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Does it Bug You? Exploring the Role of Self-Affirmation in the Distress Caused by Killing Open Access


Other title
Type of item
Degree grantor
University of Alberta
Author or creator
Blatter, Jamin E
Supervisor and department
Schimel, Jeff (Psychology)
Examining committee member and department
Schmader, Toni (External Examiner)
Rast, David (Psychology)
Passey, Jenn (Psychology)
Nicoladis, Elena (Psychology)
Moore, Sarah (Business)
Department of Psychology

Date accepted
Graduation date
2017-06:Spring 2017
Doctor of Philosophy
Degree level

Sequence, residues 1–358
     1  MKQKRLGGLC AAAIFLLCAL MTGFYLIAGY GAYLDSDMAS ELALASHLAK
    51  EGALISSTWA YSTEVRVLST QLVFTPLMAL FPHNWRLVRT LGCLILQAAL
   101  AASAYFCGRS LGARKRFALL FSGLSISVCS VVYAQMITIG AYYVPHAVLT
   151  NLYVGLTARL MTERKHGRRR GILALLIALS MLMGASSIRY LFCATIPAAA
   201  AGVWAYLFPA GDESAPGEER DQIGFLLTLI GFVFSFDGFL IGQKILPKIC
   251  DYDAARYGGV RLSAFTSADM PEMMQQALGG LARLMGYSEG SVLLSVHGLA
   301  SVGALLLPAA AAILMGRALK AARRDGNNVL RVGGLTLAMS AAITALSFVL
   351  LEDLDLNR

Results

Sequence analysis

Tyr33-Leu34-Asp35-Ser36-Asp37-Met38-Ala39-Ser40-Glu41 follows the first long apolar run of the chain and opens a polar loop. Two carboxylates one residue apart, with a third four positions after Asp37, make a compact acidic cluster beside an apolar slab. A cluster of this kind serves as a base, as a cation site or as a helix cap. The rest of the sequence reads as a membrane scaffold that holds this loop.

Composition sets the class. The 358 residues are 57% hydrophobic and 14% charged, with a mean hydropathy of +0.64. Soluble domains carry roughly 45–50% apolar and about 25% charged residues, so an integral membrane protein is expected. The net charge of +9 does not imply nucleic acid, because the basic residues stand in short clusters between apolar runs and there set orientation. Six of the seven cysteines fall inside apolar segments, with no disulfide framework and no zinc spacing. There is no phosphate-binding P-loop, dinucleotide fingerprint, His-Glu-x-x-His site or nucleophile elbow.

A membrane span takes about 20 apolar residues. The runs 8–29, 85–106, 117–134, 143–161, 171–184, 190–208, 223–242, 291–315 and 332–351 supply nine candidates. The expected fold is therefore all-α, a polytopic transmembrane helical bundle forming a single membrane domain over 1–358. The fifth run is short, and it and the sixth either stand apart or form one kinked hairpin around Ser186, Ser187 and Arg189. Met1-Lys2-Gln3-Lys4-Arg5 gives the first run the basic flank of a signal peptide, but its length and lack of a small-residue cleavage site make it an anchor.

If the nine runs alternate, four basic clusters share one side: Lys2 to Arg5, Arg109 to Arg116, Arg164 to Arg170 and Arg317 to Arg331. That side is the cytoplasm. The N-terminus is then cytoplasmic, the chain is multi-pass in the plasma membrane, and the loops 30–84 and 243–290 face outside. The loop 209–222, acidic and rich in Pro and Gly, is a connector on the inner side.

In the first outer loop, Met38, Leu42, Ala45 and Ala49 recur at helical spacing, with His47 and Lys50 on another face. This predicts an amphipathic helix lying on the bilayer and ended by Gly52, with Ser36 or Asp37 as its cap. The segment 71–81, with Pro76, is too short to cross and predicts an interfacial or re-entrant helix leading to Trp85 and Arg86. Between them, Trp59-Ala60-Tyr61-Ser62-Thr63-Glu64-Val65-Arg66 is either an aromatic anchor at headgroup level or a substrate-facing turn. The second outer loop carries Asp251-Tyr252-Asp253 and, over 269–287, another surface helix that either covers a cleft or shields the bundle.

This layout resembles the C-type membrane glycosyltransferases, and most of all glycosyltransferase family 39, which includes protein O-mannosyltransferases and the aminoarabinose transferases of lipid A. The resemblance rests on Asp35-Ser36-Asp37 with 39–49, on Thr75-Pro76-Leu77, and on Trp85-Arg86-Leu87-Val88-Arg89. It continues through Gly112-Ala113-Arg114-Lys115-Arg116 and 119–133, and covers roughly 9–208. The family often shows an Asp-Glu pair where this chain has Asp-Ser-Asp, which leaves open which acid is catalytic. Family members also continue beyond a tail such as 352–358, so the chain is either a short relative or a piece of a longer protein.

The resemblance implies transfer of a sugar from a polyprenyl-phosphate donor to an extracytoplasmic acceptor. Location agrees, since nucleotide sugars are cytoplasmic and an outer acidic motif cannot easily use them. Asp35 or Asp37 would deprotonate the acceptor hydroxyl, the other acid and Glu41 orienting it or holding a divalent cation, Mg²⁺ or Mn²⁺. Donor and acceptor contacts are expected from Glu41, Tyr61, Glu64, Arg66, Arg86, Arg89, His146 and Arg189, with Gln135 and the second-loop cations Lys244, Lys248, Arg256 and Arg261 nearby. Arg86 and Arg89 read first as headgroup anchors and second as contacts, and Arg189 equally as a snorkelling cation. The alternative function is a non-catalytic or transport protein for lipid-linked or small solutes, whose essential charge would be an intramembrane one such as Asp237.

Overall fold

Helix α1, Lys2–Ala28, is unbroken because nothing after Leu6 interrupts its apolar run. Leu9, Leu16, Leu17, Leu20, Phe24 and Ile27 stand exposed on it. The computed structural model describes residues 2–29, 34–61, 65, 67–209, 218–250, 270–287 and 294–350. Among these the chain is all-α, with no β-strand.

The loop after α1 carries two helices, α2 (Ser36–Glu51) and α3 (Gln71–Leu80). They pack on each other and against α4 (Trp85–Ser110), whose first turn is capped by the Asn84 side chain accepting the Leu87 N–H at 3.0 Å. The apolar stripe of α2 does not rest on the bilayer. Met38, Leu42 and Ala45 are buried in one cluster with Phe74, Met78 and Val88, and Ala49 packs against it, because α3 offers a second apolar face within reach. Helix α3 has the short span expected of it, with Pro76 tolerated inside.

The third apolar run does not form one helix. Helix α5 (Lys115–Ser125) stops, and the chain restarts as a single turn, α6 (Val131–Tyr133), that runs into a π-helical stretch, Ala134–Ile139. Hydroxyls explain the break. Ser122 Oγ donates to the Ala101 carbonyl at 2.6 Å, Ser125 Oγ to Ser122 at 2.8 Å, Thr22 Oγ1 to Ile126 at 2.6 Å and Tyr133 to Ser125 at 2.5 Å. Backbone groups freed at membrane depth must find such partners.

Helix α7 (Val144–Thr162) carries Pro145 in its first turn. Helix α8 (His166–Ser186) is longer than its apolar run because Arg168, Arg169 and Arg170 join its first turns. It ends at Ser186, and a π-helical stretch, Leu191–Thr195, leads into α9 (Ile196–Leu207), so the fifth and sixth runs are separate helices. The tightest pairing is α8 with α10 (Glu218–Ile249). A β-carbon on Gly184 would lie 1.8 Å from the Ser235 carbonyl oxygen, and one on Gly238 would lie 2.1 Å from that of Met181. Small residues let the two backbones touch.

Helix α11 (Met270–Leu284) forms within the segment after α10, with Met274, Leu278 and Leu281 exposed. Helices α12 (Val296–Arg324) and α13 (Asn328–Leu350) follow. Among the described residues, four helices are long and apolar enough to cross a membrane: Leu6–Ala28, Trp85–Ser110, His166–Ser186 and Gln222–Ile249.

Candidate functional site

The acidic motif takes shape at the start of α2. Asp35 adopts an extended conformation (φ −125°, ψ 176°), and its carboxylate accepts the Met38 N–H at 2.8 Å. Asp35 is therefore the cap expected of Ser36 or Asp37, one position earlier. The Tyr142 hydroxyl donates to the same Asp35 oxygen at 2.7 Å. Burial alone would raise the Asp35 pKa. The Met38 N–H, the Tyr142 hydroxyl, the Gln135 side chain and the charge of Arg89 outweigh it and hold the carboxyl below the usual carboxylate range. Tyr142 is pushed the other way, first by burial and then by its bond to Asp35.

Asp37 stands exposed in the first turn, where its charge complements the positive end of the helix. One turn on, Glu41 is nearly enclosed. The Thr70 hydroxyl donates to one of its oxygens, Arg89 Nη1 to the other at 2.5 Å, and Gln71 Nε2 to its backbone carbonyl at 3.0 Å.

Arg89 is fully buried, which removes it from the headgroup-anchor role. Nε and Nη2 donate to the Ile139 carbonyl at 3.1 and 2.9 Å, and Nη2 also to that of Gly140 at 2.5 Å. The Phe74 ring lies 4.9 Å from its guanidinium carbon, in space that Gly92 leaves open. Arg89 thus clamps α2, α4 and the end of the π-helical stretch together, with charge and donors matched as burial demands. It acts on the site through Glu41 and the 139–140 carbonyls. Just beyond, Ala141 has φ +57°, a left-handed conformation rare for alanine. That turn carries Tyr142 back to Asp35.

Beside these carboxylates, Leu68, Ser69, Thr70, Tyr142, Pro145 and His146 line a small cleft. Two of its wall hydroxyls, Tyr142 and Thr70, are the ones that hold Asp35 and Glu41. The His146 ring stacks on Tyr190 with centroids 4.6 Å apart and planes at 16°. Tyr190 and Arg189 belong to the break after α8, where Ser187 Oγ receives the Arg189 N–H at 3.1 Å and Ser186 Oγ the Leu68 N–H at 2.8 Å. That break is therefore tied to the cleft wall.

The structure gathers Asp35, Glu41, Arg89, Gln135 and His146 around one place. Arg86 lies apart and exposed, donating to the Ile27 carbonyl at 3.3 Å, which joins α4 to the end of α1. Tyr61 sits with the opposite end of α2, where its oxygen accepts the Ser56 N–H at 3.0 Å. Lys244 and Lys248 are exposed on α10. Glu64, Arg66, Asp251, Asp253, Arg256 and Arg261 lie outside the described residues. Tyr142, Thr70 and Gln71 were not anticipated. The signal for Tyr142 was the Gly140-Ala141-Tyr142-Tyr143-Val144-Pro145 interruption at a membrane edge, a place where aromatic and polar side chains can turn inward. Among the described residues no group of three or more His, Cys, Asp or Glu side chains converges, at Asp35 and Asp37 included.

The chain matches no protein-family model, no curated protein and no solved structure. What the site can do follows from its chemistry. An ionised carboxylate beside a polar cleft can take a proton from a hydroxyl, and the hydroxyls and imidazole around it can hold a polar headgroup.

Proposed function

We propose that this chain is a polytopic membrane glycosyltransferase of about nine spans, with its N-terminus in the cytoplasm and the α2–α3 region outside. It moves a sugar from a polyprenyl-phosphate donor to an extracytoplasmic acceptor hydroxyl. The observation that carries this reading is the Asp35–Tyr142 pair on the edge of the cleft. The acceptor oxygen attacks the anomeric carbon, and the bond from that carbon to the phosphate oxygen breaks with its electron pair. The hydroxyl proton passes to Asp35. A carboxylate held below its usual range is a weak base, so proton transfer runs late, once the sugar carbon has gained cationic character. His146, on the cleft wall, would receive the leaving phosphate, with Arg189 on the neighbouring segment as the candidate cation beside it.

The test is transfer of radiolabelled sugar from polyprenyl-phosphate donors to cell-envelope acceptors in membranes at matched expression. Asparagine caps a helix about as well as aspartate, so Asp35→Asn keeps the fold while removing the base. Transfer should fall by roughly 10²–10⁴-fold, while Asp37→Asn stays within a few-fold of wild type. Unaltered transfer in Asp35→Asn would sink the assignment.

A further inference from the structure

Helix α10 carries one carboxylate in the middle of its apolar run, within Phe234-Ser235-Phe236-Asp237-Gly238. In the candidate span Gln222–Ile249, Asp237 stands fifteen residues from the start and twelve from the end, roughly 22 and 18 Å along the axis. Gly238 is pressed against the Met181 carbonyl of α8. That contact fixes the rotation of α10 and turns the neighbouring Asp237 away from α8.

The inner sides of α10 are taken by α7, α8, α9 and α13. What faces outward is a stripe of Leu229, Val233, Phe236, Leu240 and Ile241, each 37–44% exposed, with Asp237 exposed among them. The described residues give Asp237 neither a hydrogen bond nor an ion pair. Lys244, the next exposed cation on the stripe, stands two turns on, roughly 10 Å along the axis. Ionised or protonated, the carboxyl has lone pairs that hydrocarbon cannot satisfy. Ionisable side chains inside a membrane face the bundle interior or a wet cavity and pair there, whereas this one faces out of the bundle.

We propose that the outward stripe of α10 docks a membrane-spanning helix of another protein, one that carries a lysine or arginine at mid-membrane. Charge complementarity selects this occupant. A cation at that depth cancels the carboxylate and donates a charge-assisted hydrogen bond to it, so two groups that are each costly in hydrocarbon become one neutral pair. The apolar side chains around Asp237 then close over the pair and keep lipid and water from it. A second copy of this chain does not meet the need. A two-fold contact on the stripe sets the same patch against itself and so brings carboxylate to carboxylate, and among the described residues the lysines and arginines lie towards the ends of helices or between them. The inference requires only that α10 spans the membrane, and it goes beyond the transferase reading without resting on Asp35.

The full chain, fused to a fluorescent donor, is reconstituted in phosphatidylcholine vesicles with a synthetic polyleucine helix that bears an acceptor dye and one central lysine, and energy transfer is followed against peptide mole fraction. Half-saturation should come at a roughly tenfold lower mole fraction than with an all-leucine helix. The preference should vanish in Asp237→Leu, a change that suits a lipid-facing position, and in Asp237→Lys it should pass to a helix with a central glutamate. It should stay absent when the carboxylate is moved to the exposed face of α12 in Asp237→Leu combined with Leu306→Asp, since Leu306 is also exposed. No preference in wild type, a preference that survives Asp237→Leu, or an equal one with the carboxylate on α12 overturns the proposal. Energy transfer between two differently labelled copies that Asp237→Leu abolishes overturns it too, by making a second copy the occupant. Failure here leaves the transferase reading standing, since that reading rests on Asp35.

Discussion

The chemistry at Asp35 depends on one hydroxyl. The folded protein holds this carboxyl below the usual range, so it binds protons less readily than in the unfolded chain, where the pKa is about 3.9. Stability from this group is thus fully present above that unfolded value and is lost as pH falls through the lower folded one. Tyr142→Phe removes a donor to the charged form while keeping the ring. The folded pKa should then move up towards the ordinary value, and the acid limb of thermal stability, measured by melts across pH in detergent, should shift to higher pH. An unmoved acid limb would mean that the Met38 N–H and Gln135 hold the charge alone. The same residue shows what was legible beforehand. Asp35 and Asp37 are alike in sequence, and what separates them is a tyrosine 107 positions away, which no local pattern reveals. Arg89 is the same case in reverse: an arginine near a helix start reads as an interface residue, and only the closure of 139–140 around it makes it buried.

A large body of research confirms that self-affirmation reduces defensive reactions to self-threats. Self-affirmation buffers against threats to the self by bolstering perceptions of the self as moral and good, thereby serving to restore global self-integrity. However, recent research shows that when one affirms on a domain related to the initial threat, self-affirmation can backfire, as it serves as a reminder of the self-standard that had just been violated. A series of studies examined the effect of self-affirmation on a unique type of self-threat: killing. Because killing likely represents a stark departure from one’s moral standards, it was hypothesized that self-affirmation may draw attention to the violated standard, and thus fail to bolster one from distress, and may even exacerbate it. I tested this hypothesis across four studies designed to assess the effect of self-affirmation on guilt and distress after immoral behavior, namely killing bugs. I then assessed psychological distress using various indices of guilt and shame, including a behavioral hand washing measure. Contrary to the hypothesis, Study 1 found that when given the choice of how many bugs to kill, self-affirmation might buffer against the distress caused by killing, as self-affirmed participants reported less distress than non-affirmed participants. However, a different picture emerged in subsequent studies, such that self-affirmation led to more guilt and distress when participants were forced to kill a specified number of bugs, in line with the hypothesis (Studies 2 and 4), and did not seem to help or harm participants if self-affirmation was completed after the extermination task, rather than before (Study 3). These results suggest that the conditions under which the immoral behavior occurs as well as the timing of the self-affirmation intervention may influence the level of distress experienced. Discussion focuses on the theoretical implications and importance of these findings within the greater self-affirmation and distress literatures.
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